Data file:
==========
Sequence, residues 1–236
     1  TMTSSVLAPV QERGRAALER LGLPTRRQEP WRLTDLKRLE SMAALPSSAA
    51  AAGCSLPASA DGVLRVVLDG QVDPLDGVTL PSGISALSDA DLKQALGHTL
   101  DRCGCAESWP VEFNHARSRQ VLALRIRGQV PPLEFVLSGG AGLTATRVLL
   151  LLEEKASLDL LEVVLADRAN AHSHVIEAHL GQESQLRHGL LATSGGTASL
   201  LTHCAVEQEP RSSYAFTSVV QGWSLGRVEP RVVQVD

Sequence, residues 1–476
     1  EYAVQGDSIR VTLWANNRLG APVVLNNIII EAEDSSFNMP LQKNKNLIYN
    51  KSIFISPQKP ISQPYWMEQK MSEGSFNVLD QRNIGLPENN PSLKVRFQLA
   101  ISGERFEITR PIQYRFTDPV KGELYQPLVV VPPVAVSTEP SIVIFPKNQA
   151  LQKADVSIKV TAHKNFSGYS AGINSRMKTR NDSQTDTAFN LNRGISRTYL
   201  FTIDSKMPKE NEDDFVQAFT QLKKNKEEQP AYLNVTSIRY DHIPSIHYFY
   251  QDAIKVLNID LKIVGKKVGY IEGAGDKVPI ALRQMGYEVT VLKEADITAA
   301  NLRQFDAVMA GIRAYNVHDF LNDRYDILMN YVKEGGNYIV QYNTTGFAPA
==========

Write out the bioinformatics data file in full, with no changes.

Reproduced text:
Sequence, residues 1–236
     1  TMTSSVLAPV QERGRAALER LGLPTRRQEP WRLTDLKRLE SMAALPSSAA
    51  AAGCSLPASA DGVLRVVLDG QVDPLDGVTL PSGISALSDA DLKQALGHTL
   101  DRCGCAESWP VEFNHARSRQ VLALRIRGQV PPLEFVLSGG AGLTATRVLL
   151  LLEEKASLDL LEVVLADRAN AHSHVIEAHL GQESQLRHGL LATSGGTASL
   201  LTHCAVEQEP RSSYAFTSVV QGWSLGRVEP RVVQVD

Sequence, residues 1–476
     1  EYAVQGDSIR VTLWANNRLG APVVLNNIII EAEDSSFNMP LQKNKNLIYN
    51  KSIFISPQKP ISQPYWMEQK MSEGSFNVLD QRNIGLPENN PSLKVRFQLA
   101  ISGERFEITR PIQYRFTDPV KGELYQPLVV VPPVAVSTEP SIVIFPKNQA
   151  LQKADVSIKV TAHKNFSGYS AGINSRMKTR NDSQTDTAFN LNRGISRTYL
   201  FTIDSKMPKE NEDDFVQAFT QLKKNKEEQP AYLNVTSIRY DHIPSIHYFY
   251  QDAIKVLNID LKIVGKKVGY IEGAGDKVPI ALRQMGYEVT VLKEADITAA
   301  NLRQFDAVMA GIRAYNVHDF LNDRYDILMN YVKEGGNYIV QYNTTGFAPA